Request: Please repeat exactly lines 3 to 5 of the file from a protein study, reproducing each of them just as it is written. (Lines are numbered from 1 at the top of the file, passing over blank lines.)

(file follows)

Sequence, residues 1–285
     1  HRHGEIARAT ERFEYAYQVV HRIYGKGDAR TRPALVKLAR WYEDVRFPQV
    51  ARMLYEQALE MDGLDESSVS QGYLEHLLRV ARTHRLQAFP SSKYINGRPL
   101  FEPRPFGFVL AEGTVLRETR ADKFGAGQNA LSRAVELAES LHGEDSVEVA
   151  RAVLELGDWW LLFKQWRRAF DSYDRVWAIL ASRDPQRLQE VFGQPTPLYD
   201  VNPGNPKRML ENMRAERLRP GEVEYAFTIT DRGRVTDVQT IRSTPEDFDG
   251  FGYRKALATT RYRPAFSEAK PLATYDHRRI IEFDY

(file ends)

    51  ARMLYEQALE MDGLDESSVS QGYLEHLLRV ARTHRLQAFP SSKYINGRPL
   101  FEPRPFGFVL AEGTVLRETR ADKFGAGQNA LSRAVELAES LHGEDSVEVA
   151  RAVLELGDWW LLFKQWRRAF DSYDRVWAIL ASRDPQRLQE VFGQPTPLYD